Elizabeth Smith-McCrossin is seeking to take part in the court case to determine which levels of government are responsible for protecting the Chignecto Isthmus and surrounding areas from potentially catastrophic flooding.
The independent MLA for Cumberland North makes the case for her formal intervention in an affidavit submitted to the Nova Scotia Court of Appeal.
“I’ve been deeply involved for many years in and concerned with the various issues related [to] the dykes protecting the land in my constituency bordering the tidal waters of the Bay of Fundy and the dangers to people as well as the infrastructure connecting our province to the rest of Canada,” her affidavit states.
“I wish to and am prepared to make a submission on the duties and responsibilities of elected governments in a federal state like ours, to look after and protect its people when they face a predictable danger and to rise above constitutional technicalities,” it adds.
Smith-McCrossin will appear tomorrow before the court of appeal to argue for intervenor status.
Provincial attorneys general from New Brunswick and Prince Edward Island as well the federal minister of justice are also seeking to intervene.
In July, Nova Scotia’s department of justice asked the province’s highest court to determine whether the federal government has the “exclusive” responsibility to protect the transportation, trade and communications links on the isthmus.
The federal government has offered to pay 50% of the costs of raising and reinforcing dykes, but Nova Scotia and New Brunswick argue that Ottawa should pay the full cost.
Last year, the provinces released a consultants’ report estimating the cost could be just over $300 million, but New Brunswick now says its revised estimate has risen to $650 million.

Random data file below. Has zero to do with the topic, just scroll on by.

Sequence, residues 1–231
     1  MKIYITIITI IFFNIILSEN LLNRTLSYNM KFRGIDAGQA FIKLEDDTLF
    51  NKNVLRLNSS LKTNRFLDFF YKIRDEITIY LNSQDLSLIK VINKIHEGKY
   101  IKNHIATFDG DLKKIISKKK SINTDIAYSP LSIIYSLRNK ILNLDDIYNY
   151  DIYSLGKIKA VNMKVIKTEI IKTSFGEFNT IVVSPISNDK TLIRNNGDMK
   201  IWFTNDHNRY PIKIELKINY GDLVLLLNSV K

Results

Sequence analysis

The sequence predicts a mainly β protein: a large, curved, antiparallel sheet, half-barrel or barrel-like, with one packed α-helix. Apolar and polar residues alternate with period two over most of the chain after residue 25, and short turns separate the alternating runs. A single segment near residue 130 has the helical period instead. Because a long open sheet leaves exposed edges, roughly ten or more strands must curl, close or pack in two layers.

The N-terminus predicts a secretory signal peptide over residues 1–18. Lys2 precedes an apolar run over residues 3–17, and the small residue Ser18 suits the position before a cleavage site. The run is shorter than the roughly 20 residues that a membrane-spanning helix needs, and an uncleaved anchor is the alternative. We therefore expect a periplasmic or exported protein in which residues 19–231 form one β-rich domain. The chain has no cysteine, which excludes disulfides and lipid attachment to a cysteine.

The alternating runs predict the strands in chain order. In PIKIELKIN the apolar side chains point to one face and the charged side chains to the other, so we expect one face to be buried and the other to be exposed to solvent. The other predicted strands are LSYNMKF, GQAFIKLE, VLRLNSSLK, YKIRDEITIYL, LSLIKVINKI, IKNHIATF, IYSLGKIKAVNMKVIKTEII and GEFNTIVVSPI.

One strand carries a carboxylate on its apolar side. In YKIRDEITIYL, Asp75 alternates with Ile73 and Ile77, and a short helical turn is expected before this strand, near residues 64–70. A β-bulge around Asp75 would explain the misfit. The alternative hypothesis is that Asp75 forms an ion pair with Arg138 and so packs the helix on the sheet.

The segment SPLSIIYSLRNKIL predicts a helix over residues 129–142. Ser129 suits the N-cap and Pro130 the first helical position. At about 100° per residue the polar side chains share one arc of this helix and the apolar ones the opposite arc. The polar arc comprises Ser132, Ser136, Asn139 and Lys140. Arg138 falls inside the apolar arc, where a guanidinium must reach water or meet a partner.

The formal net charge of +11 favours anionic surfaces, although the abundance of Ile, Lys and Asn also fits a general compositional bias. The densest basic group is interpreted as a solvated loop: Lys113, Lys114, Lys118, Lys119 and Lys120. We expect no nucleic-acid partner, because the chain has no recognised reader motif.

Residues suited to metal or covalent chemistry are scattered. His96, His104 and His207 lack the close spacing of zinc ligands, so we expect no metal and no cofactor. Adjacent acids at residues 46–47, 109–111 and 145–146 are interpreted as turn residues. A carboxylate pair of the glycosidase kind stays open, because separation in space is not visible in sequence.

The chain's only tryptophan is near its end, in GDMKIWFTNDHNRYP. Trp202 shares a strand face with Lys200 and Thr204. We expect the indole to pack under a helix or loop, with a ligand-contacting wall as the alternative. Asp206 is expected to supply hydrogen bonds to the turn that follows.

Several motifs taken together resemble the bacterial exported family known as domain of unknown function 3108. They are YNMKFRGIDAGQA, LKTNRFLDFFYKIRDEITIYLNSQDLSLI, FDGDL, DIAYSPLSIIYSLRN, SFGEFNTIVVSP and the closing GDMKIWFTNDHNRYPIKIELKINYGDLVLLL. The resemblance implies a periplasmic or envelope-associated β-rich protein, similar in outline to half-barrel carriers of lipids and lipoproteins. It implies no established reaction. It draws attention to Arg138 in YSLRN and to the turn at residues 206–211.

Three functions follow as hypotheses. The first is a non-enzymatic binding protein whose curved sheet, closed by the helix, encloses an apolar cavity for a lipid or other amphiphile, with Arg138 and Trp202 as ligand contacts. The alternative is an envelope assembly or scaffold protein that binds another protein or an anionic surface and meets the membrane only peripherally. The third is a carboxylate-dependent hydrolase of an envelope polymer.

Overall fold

Meantime, an independent New Brunswick senator has introduced a bill that would make the federal government solely responsible for protecting the isthmus and safeguarding the estimated $35 billion in trade that crosses it every year.
Sen. Jim Quinn, a former president and CEO of the Saint John Port Authority, argues the federal government should pay 100% of the costs because of its national responsibility to act in the best interests of all Canadians.
The preamble to his Senate bill points out that in 1948, federal legislation established the Maritime Marshland Rehabilitation Administration, an agency that replaced or repaired 373 kilometres of dykes and more than 400 aboiteaux. It also constructed five big tidal dams on rivers draining into the Bay of Fundy so that the tides could no longer flow upstream. (The controversial dam on the Tantramar River was built in 1960. The one on the Petitcodiac at Moncton, built in 1968, was finally removed in 2010.)
In his 2021 book, Against The Tides: Reshaping Landscape and Community in Canada’s Maritime Marshlands, historian Ronald Rudin writes that the MMRA ceased to exist in 1970 when the federal government handed responsibility for dykes, dams and aboiteaux to New Brunswick and Nova Scotia.
For the full text of Elizabeth Smith-McCrossin’s affidavit, click here.
For coverage of the consultants’ three recommendations for protecting the Chignecto Isthmus, click here.
To read criticism of those recommendations, click here.